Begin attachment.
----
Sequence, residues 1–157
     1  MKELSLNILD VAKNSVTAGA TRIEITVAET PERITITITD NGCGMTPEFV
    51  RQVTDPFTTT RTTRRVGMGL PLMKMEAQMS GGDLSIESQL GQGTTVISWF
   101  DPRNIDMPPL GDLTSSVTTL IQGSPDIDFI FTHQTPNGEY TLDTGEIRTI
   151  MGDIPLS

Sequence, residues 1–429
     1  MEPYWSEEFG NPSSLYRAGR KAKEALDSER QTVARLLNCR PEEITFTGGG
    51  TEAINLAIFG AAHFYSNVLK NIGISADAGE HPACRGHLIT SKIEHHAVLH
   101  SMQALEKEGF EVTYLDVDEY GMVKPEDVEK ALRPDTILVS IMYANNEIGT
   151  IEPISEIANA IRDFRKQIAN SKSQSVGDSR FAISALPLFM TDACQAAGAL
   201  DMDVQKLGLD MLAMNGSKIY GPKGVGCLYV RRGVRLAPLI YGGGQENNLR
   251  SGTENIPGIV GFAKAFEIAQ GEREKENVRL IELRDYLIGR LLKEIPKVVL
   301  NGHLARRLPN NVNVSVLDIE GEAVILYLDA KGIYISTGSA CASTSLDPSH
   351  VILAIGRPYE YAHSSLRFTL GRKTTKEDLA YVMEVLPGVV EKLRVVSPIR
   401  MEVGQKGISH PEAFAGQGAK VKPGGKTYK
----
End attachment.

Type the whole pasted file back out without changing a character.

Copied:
Sequence, residues 1–157
     1  MKELSLNILD VAKNSVTAGA TRIEITVAET PERITITITD NGCGMTPEFV
    51  RQVTDPFTTT RTTRRVGMGL PLMKMEAQMS GGDLSIESQL GQGTTVISWF
   101  DPRNIDMPPL GDLTSSVTTL IQGSPDIDFI FTHQTPNGEY TLDTGEIRTI
   151  MGDIPLS

Sequence, residues 1–429
     1  MEPYWSEEFG NPSSLYRAGR KAKEALDSER QTVARLLNCR PEEITFTGGG
    51  TEAINLAIFG AAHFYSNVLK NIGISADAGE HPACRGHLIT SKIEHHAVLH
   101  SMQALEKEGF EVTYLDVDEY GMVKPEDVEK ALRPDTILVS IMYANNEIGT
   151  IEPISEIANA IRDFRKQIAN SKSQSVGDSR FAISALPLFM TDACQAAGAL
   201  DMDVQKLGLD MLAMNGSKIY GPKGVGCLYV RRGVRLAPLI YGGGQENNLR
   251  SGTENIPGIV GFAKAFEIAQ GEREKENVRL IELRDYLIGR LLKEIPKVVL
   301  NGHLARRLPN NVNVSVLDIE GEAVILYLDA KGIYISTGSA CASTSLDPSH
   351  VILAIGRPYE YAHSSLRFTL GRKTTKEDLA YVMEVLPGVV EKLRVVSPIR
   401  MEVGQKGISH PEAFAGQGAK VKPGGKTYK